Companies can find it difficult to take the risks of investing in developing manufacturing capacity to supply cheap insulin to the world if there’s no credible market for it or if the economics just don’t stack up.

Manufacturing insulin to rigorous and credible standards is not easy.

If a company is going to invest in developing long-term sustainable manufacturing capacity, it needs to be confident it is going to be able to cover its costs, make sufficient return and that it is not wasting its investment in manufacturing a medicine that no one is able to buy.

Then there are the issues of supply chain costs that are added on top of the manufacturer’s price. In many low-income countries, these mark-ups by wholesalers, pharmacists and retailers can be substantial.

One recent study found that wholesale and retail mark-ups on insulin in low-income countries could range as high as 50% to 60%. Other studies have found examples in African countries where the supply chain costs can be as high as 288%, and found that devices and other consumables needed for managing insulin can account for 85% of patients’ costs.

So, it’s not a small matter.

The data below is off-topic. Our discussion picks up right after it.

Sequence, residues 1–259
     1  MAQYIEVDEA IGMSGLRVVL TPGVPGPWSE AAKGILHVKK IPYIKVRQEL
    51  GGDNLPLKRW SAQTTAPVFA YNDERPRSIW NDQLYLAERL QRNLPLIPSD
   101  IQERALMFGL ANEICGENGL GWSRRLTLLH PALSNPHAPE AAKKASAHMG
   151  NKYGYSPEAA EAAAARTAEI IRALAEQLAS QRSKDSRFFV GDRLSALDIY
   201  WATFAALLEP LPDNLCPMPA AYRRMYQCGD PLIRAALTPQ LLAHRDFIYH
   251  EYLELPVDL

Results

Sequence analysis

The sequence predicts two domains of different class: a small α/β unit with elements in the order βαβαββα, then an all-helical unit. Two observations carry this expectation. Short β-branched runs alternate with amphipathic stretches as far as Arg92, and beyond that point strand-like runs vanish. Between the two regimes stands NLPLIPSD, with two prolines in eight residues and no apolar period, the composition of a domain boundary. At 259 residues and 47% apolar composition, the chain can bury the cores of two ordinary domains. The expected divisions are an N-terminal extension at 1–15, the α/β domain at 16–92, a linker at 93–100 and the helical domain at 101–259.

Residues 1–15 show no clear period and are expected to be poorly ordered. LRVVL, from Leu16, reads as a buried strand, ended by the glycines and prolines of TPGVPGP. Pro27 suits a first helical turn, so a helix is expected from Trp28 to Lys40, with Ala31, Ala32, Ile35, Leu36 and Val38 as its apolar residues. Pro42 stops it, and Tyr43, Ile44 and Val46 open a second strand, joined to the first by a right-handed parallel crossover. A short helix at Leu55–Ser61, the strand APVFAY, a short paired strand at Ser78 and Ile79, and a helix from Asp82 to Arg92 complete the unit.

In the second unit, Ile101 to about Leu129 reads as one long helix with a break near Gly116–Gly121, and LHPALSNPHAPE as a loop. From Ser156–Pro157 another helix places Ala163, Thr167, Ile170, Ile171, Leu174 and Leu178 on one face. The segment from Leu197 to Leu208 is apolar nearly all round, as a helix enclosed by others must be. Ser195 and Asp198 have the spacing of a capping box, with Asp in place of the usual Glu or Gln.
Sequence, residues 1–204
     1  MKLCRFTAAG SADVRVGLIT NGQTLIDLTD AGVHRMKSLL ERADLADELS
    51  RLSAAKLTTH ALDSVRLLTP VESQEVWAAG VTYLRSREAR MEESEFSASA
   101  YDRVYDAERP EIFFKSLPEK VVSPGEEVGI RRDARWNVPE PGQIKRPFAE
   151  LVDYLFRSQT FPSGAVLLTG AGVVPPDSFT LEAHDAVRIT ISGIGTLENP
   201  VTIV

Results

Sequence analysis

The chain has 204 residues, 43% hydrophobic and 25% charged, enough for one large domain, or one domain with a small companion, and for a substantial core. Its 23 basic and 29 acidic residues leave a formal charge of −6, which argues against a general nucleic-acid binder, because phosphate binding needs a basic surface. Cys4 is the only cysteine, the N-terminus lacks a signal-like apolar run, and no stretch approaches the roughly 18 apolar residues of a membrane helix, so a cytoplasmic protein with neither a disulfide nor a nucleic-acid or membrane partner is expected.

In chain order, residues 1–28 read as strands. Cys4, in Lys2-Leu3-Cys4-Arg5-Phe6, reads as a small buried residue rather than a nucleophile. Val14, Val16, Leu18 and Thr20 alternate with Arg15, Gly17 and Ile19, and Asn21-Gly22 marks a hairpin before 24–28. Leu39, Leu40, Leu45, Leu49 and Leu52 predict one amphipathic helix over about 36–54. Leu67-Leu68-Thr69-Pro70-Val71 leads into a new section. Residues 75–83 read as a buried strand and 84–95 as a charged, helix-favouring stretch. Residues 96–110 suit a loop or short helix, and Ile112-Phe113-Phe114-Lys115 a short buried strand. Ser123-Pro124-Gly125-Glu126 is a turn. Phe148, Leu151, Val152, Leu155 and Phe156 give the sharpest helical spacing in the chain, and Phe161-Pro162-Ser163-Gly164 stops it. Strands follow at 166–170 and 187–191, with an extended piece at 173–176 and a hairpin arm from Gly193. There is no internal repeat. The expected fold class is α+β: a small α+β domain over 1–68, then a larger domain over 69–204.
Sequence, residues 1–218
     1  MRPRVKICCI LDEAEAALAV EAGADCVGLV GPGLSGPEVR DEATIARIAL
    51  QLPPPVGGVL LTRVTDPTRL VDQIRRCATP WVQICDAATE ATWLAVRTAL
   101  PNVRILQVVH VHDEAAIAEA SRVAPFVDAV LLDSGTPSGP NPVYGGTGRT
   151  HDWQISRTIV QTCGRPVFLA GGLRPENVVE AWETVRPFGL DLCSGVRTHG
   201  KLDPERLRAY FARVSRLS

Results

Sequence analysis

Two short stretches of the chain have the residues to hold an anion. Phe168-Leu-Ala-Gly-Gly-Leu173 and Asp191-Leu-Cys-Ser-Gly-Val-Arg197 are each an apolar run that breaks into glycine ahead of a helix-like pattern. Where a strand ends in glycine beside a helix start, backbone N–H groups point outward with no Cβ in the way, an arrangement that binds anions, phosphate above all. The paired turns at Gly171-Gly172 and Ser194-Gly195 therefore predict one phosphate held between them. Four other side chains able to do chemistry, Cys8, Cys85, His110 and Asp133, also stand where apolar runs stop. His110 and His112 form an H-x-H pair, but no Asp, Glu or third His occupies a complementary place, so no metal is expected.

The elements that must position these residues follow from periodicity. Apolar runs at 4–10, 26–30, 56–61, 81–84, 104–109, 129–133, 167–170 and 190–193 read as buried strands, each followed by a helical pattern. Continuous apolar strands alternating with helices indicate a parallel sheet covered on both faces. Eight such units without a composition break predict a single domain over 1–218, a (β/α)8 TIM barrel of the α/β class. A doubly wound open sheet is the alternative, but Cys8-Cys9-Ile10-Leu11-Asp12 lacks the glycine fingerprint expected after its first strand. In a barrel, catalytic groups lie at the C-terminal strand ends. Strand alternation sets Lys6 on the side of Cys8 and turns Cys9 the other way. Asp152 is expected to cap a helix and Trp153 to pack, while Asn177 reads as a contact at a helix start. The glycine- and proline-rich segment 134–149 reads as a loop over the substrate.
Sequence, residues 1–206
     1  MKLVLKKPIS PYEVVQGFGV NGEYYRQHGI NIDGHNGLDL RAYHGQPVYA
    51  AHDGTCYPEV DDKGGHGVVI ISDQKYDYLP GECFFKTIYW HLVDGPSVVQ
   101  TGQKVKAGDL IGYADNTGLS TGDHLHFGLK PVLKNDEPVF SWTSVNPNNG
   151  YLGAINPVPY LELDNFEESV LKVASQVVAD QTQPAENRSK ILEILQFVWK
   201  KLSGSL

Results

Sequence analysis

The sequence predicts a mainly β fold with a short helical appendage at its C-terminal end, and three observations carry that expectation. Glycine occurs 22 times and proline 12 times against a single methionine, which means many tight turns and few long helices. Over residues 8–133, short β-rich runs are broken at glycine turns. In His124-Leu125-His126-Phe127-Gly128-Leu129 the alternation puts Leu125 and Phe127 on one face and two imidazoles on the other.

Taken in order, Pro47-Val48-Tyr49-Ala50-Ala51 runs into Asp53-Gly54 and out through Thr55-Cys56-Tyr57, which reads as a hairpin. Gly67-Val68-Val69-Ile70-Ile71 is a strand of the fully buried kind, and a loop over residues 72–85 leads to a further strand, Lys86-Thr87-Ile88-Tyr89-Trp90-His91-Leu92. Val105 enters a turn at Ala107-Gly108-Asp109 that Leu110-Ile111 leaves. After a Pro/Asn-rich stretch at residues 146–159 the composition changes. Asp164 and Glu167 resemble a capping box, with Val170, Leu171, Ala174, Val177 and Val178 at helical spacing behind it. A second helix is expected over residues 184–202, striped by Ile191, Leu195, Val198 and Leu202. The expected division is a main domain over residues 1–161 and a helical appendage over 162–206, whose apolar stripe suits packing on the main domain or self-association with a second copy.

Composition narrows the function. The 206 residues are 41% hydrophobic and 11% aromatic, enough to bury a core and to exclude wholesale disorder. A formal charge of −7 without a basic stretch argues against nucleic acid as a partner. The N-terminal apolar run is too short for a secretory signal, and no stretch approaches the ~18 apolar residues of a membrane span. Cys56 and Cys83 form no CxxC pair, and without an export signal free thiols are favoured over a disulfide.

Companies’ role in access to medicines

Pharmaceutical companies themselves can also look at what they do themselves.

Already, insulin manufacturers like Novo Nordisk, Eli Lilly, Sanofi and Biocon all have their own access to insulin initiatives.

Such programs usually involve a combination of donations, specialist access programs in low-income settings and licensing deals with other manufacturers.

These are a great start and make an important difference, but more could be done here.

One idea would be to jointly develop a range of new business models, policy solutions and markets between companies, governments, NGOs and international organisations that could make a material difference to people around the world.

Several other biosimilar companies have tried to enter the insulin market to create a viable business, sometimes in partnership with originator companies, but these appear to have had varying degrees of success for various reasons.


The next 100 years

A century after Banting and his team developed the first insulin, a resolution was passed at the World Health Assembly earlier this year calling for concerted action to improve access to insulin for people around the world.

And in the last few months the World Health Organization has released a Global Diabetes Compact which included a call to scale up access to insulin and nudge the world towards solving this problem.

These are a great start, but they won’t solve everything on their own.

There’s still a long way to go.

A hundred years on from when humanity first developed insulin, let’s not take another hundred years to develop a way to ensure every human on the planet who needs it can get it.

We owe it to ourselves to make this work.


* With thanks to Evan Lee for several helpful comments and suggestions.